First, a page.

How many times did we see receivers as open as Polk was on his touchdown reception Saturday, only to see Jake sail the ball 4 or 5 yards over their heads? But he made up for this with his athleticism and his leadership. The Denver Broncos have a similar athlete on their roster who’s currently their 3rd string quarterback.The Huskies finally have a quarterback who’s throwing ability is not a liability. In fact, his only liability seems to his physical size — compared to most quarterbacks, he is on the short side — around 6′ tall. But when he is on the field the Husky offense seems to move almost effortlessly down the field. Like Locker, he appears to possess those intangible qualities such as leadership. He also smiles a lot too, which gives the play by play guys something to comment on when the camera pans the sidelines. This might be the beginning of something special.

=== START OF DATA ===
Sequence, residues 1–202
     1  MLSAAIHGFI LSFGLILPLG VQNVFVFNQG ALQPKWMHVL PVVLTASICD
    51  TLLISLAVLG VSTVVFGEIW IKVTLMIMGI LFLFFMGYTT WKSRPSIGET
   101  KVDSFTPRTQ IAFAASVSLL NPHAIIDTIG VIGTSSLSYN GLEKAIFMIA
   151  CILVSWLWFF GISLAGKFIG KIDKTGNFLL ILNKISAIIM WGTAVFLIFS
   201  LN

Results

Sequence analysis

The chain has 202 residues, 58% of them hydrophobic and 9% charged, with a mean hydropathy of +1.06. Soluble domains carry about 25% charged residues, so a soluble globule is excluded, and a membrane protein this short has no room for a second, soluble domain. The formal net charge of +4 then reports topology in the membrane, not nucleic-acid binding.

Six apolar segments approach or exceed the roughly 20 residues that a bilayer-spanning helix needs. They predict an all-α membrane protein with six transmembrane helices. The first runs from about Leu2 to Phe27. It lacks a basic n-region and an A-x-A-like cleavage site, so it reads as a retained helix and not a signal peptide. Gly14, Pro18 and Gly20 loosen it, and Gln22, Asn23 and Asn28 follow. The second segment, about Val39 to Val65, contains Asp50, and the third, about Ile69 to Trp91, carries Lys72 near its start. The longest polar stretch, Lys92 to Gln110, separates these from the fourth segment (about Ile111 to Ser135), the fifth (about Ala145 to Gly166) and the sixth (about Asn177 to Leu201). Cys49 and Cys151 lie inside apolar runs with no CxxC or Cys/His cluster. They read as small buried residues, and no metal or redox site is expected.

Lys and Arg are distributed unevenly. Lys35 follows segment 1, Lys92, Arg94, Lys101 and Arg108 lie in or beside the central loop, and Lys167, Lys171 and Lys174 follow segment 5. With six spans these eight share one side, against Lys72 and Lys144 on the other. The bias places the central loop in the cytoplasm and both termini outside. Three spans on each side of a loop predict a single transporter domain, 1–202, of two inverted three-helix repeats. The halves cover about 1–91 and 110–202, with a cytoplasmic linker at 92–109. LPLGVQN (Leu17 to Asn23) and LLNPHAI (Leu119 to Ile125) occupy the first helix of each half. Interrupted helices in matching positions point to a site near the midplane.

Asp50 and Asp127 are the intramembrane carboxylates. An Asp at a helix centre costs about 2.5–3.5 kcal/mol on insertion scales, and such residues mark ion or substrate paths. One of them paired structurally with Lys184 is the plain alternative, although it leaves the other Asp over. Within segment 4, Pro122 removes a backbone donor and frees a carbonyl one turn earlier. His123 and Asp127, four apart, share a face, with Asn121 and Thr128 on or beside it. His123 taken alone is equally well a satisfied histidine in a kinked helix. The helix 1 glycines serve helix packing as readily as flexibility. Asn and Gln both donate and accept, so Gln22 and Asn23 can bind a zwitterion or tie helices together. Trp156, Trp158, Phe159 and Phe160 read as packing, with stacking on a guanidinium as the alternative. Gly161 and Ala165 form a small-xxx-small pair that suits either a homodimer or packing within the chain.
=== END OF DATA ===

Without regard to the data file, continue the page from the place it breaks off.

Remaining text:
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The “Price” is right!! Go Keith! I love you cousin! Also, how come we can’t find his jersey anywhere? What’s up with that?
I have always stated that Jake Locker was a great athete at UW, but not that great of QB in the sense of what that position is suppose to be. And certainly he wouldn’t be Coach Sark’s first choice, if both showed up on the same day, as Jake came from a high school that ran a form of the Veer offense. He was not a passing QB in high school. Price, to my surprise, seems to be a more typical QB type and a much better passer, considering Nick Montana can’t pass him in the depth charts. At 6’1″ I don’t feel Price is that short if you compare him to Drew Breeze and such QB’s in the NFL. He could stand to put a few more pounds on the body though.
Also in the interest of accuracy, it’s worth noting that when Charlie Browning was drafted by the NFL, it was as a halfback. And whattya know–he was a running back at UW, not a quarterback.